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How Does Furosemide Work?

Furosemide (Lasix®) is a prescription medication approved for the treatment of high blood pressure. It can also be used to treat water retention caused by kidney disease or kidney failure, congestive heart failure, or cirrhosis. But how does furosemide work?
 
The medication is a diuretic, which is commonly referred to as a "water pill." Specifically, furosemide is known as a "loop diuretic," named after the part of the kidneys that it affects (the loop of Henle). It works by increasing the amount of salt and water that the kidneys remove from the blood. This extra salt and water is then passed out through the urine. By increasing the amount of water removed from the blood, furosemide causes a decrease in blood volume. Because of this effect, the drug can lower blood pressure and help with water retention.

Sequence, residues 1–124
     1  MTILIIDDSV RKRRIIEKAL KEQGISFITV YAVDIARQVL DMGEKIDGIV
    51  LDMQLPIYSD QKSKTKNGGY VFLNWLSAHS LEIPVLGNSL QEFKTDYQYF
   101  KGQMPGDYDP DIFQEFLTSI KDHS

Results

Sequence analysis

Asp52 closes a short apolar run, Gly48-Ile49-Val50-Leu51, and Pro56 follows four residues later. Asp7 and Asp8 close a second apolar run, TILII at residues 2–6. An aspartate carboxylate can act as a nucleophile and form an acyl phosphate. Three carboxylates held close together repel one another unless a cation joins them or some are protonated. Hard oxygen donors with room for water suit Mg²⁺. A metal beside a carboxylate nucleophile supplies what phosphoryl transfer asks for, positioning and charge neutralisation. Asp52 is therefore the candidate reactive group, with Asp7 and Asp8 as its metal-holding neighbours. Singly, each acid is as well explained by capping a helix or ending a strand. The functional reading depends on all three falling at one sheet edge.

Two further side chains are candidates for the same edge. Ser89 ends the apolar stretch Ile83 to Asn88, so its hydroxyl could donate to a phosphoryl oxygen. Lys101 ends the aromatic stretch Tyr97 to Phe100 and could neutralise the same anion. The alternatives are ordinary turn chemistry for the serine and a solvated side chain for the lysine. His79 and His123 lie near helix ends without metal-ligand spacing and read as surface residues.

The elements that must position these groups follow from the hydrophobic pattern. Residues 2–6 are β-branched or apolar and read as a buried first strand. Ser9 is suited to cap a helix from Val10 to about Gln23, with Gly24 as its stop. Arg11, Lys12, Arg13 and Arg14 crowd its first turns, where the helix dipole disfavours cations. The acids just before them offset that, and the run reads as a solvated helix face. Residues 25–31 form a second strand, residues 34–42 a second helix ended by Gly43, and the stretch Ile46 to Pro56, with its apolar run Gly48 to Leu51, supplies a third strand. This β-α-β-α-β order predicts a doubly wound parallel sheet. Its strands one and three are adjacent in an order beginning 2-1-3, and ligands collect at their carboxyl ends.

(Click What Is Furosemide Used For? for more information on how furosemide works for high blood pressure or water retention, if this drug is approved for use in children, and possible off-label uses.)
 
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